Everyone wants to be loved, but it’s not necessary to be loved by everyone. You can get along just fine if your banker, for instance, doesn’t love you. It’s more than enough to be respected and courted by a bank than to be loved.
What’s the difference? Let Billshark explain.
Credit card debt soaring
Bankers will love you if you charge substantial sums on your credit cards and never pay it off. They’ll be even happier if you make only the minimum payment each month. That’s more money in profit for them, even though it’s a sure route to financial hell for you.
According to Bankrate.com, 42 percent of all U.S. adults have credit card debt. The average U.S. household with credit card debt has an estimated $6,829 in revolving balances (that is, balances carried from one month to the next). That figure was expected to jump to $8,701 in the third quarter of 2019.
Nerdwallet.com reports that credit card balances carried from one month to the next hit $443.96 billion in September of last year, and that credit card debt has increased almost six percent in the past year, and more than 34 percent in the past five years. And CNN recently reported that credit card balances rose $13 billion during the third quarter of 2019.
But do you think bankers would be satisfied with all that borrowing, and adjust their rates accordingly? Of course not. The average credit card interest rate recently hit 17 percent, the highest level in at least 25 years, according to CNN, making this an especially costly form of borrowing.
Despite the fact that the high interest rates were partly blamed on competition among lenders to sweeten credit card offers—travel perks, shopping discounts, and so on—the bulk of their windfall was in profits. For example, Visa reported a 17 percent profit increase in its most recent fiscal year. MasterCard’s most recent quarter saw an 11 percent profit hike in its most recent quarter. Note that these are increases to their already hefty profits. And this in a year that saw three interest-rate cuts from the Federal Reserve.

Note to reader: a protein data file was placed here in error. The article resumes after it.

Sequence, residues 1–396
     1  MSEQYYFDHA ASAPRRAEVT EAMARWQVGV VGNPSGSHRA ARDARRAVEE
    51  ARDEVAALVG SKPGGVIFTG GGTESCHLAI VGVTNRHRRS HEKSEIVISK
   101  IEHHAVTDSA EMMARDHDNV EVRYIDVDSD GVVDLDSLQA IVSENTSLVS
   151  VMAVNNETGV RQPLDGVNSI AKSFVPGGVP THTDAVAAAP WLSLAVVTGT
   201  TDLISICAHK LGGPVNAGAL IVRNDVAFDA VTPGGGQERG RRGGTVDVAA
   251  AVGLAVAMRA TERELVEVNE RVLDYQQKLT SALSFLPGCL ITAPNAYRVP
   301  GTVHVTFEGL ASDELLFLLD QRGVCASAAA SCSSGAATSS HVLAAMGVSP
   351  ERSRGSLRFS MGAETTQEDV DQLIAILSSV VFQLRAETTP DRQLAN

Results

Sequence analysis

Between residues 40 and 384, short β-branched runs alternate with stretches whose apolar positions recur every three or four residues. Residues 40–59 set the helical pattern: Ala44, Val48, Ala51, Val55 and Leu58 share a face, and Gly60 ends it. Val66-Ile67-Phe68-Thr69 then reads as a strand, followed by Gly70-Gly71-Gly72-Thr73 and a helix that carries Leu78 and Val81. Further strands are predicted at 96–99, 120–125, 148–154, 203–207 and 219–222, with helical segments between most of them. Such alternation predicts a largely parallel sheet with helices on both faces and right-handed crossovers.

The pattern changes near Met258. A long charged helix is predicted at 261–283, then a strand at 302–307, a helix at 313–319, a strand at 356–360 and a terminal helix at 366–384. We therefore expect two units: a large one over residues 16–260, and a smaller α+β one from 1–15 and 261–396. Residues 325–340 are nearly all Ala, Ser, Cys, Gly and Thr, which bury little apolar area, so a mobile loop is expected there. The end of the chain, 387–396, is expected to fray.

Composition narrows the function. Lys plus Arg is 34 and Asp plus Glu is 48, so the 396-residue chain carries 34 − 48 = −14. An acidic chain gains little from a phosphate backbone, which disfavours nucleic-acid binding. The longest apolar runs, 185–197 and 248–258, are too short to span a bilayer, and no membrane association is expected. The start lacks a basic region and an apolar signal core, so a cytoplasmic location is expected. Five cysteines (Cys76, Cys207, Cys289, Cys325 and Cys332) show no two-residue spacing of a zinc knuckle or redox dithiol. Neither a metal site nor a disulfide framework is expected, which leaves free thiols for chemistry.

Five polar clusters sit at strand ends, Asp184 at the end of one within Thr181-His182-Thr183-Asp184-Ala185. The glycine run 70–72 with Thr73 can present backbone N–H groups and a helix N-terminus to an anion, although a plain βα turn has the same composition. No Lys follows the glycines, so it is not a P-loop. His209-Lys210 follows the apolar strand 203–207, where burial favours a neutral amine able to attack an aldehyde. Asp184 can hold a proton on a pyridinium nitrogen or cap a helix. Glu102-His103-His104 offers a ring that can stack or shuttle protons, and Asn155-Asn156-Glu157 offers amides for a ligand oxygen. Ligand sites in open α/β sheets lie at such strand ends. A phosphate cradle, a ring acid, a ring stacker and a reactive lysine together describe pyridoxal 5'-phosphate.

The price you pay
But while the bankers are making out like fat rats, the average American is losing huge sums of money in unnecessary interest fees.
Let’s take the example of that average $6,829 in revolving balances mentioned above. If that balance carries an interest rate of 17 percent, the holder of that credit card pays about $100 each month in interest, or $1230 a year. And those with lower credit scores pay higher interest rates, as much as 25 percent.
Many people manage to get along without credit cards, but there are disadvantages: It may be difficult to rent a car, shop online, or book a hotel, for example, and it’s easier to build a credit history when you have one or more credit cards.
For convenience sake, however, most people carry credit cards. That doesn’t mean, though, that you have to let them rule—or worse, ruin—you. All it takes is a little knowledge, and the determination that you’re not going to give the banks one extra penny of unnecessary profit.
1. Use it every month
To build good credit, you need to use the card regularly. This keeps the account active, and gives the credit card company something to report to the credit monitoring agencies.
2. Pay in full
Then pay it off every month. The entire balance, not just the minimum payment.
3. Always pay on time
Do whatever it takes to ensure your credit card payment reaches the lending institution on time: phone reminders, auto pay, calendar notations.
4. Watch your credit utilization ratio
If you have a credit limit of $1,000 and you spend $975 of that in a single month—even if you pay it all off with your next bill—the credit-scoring agencies won’t like that, especially if you make a practice of it. Aim to stay at or below 30 percent of your credit limit each month (the ratio of how much credit you have available vs. how much of it you use, i.e., your “credit utilization ratio”).
These steps will give you the convenience of a credit card and help build your credit score but deny the banks superfluous fees and interest.
Besides bankers, another group that’s trying to scoop up every penny they can from you are the Internet, cable, and satellite service providers, your wireless phone company, and home security company. Billshark can find all the unnecessary charges from these people and save you hundreds of dollars. So send us your bills for a free review. You pay only if we can save you money.